Mr. Irvine was not interested in pursuing disability benefits.  Instead, he looked for work.  Four months later, Mr. Irvine located alternate employment with a different company but that employment only lasted for 8 months.  Meanwhile, Mr. Irvine sued his former employer for wrongful dismissal.  The defendant car dealership took the position that Mr. Irvine had resigned.  At trial, the court accepted that the employer had told Mr. Irvine to take time off, apply for disability insurance and convalesce.  However, the judge concluded that based on all of the circumstances, including the fact that Mr. Irvine went and found alternate employment, he had resigned and had not been dismissed.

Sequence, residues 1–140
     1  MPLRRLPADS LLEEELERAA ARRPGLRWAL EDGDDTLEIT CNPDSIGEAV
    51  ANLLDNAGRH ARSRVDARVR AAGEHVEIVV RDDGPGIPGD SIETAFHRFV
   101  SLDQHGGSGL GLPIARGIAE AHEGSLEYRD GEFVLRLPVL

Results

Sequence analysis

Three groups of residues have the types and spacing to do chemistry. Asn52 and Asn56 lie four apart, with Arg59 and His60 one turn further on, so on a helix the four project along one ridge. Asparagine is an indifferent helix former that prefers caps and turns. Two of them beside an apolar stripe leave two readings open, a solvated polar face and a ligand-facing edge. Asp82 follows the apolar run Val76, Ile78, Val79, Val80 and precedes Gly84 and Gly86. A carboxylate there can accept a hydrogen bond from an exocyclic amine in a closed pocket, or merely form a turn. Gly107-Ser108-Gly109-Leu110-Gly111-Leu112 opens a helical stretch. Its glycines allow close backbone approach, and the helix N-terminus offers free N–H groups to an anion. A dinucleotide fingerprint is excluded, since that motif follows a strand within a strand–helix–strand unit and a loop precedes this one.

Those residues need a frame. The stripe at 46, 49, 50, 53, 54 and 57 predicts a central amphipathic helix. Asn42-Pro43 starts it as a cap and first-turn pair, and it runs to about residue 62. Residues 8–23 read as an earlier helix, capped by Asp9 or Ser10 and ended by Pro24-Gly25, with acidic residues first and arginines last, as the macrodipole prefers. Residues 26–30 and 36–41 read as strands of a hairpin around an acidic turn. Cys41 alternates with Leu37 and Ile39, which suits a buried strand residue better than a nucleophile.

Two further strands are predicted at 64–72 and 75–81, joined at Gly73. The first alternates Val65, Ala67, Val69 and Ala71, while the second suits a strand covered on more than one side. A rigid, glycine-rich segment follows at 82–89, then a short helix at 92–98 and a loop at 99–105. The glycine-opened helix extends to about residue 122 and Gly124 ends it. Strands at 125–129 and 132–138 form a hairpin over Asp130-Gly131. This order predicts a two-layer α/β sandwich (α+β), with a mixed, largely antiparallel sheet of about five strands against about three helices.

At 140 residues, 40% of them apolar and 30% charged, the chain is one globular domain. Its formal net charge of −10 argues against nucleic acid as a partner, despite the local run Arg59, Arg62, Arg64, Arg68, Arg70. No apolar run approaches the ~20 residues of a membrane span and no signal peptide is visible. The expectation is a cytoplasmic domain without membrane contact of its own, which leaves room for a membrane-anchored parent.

Mr. Irvine appealed the decision.  The Manitoba Court of Appeal assessed the main issue as being whether or not Mr. Irvine had been constructively dismissed.  After tracing the law of constructive dismissal, it adopted the proposition that forcing an employee to take a leave of absence without a sufficient basis for doing so may constitute a constructive dismissal.  The court noted that if the employer has sufficient medical information or a reasonable plan for reintegration, a forced leave of absence may be sustainable.  But the onus is on the employer to prove that the employee cannot perform the duties of the position.  Key factors include the anticipated duration of the employee’s illness, the nature of employment, the prognosis for recovery, the availability of sick leave and pay, the length of service and other related points.